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N2 - BACKGROUND Patients who sustain traumatic brain injury (TBI) and concomitant hemorrhagic shock (HS) are at high risk of high-magnitude inflammation which can lead to poor outcomes and death. Blood purification by hemoadsorption (HA) offers an alternative intervention to reduce inflammation after injury. We tested the hypothesis that HA would reduce mortality in a rat model of TBI and HS. METHODS Male Sprague Dawley rats were subjected to a combined injury of a controlled cortical impact to their brain and pressure-controlled HS. Animals were subsequently instrumented with an extracorporeal blood circuit that passed through a cartridge for sham or experimental treatment. In experimental animals, the treatment cartridge was filled with proprietary beads (Cytosorbents, Monmouth Junction, NJ) that removed circulating molecules between 5 kDa and 60 kDa. Sham rats had equivalent circulation but no blood purification. Serial blood samples were analyzed with multiplex technology to quantify changes in a trauma-relevant panel of immunologic mediators. The primary outcome was survival to 96 hours postinjury. RESULTS Hemoadsorption improved survival from 47% in sham-treated rats to 86% in HA-treated rats. There were no treatment-related changes in histologic appearance. Hemoadsorption affected biomarker concentrations both during the treatment and over the ensuing 4 days after injury. Distinct changes in biomarker concentrations were also measured in survivor and nonsurvivor rats from the entire cohort of rats indicating biomarker patterns associated with survival and death after injury. CONCLUSION Blood purification by nonselective HA is an effective intervention to prevent death in a combined TBI/HS rat model. Hemoadsorption changed circulating concentrations of multiple inmmunologically active mediators during the treatment time frame and after treatment. Hemoadsorption has been safely implemented in human patients with sepsis and may be a treatment option after injury.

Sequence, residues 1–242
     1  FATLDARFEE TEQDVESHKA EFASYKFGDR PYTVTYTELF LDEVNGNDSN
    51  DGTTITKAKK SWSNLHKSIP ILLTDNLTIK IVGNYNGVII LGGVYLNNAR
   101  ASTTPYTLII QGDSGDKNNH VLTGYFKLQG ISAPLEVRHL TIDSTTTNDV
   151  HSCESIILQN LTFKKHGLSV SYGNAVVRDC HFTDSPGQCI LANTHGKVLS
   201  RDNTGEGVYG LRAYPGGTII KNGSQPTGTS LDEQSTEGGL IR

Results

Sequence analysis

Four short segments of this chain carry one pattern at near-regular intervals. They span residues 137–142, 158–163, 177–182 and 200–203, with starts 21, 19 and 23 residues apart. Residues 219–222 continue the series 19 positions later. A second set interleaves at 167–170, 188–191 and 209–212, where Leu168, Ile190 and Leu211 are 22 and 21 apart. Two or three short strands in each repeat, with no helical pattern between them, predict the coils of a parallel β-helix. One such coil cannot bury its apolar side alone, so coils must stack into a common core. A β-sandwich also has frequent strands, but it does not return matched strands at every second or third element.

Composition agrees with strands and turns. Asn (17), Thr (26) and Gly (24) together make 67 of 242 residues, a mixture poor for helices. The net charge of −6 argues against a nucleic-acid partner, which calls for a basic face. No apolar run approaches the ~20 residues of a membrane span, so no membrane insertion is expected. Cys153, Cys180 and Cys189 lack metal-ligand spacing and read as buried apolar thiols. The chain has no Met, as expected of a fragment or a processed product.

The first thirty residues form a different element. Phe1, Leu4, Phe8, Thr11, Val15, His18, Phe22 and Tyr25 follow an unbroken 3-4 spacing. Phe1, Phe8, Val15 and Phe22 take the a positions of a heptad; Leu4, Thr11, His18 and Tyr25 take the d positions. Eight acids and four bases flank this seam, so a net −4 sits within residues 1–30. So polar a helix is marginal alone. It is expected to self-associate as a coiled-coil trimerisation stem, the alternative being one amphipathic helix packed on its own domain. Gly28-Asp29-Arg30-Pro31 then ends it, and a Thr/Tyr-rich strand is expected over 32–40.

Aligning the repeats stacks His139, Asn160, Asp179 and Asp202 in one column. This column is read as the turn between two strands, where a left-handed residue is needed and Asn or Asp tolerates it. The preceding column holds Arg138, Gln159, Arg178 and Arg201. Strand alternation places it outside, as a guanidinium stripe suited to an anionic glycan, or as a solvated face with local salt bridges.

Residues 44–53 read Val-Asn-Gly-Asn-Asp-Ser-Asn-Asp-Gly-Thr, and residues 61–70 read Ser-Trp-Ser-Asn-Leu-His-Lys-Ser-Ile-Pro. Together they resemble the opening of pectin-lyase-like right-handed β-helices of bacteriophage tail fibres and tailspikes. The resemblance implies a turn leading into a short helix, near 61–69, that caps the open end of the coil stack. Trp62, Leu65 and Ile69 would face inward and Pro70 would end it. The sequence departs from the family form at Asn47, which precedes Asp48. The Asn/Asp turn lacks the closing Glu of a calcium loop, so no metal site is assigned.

AB - BACKGROUND Patients who sustain traumatic brain injury (TBI) and concomitant hemorrhagic shock (HS) are at high risk of high-magnitude inflammation which can lead to poor outcomes and death. Blood purification by hemoadsorption (HA) offers an alternative intervention to reduce inflammation after injury. We tested the hypothesis that HA would reduce mortality in a rat model of TBI and HS. METHODS Male Sprague Dawley rats were subjected to a combined injury of a controlled cortical impact to their brain and pressure-controlled HS. Animals were subsequently instrumented with an extracorporeal blood circuit that passed through a cartridge for sham or experimental treatment. In experimental animals, the treatment cartridge was filled with proprietary beads (Cytosorbents, Monmouth Junction, NJ) that removed circulating molecules between 5 kDa and 60 kDa. Sham rats had equivalent circulation but no blood purification. Serial blood samples were analyzed with multiplex technology to quantify changes in a trauma-relevant panel of immunologic mediators. The primary outcome was survival to 96 hours postinjury. RESULTS Hemoadsorption improved survival from 47% in sham-treated rats to 86% in HA-treated rats. There were no treatment-related changes in histologic appearance. Hemoadsorption affected biomarker concentrations both during the treatment and over the ensuing 4 days after injury. Distinct changes in biomarker concentrations were also measured in survivor and nonsurvivor rats from the entire cohort of rats indicating biomarker patterns associated with survival and death after injury. CONCLUSION Blood purification by nonselective HA is an effective intervention to prevent death in a combined TBI/HS rat model. Hemoadsorption changed circulating concentrations of multiple inmmunologically active mediators during the treatment time frame and after treatment. Hemoadsorption has been safely implemented in human patients with sepsis and may be a treatment option after injury.

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KW - multiple injuries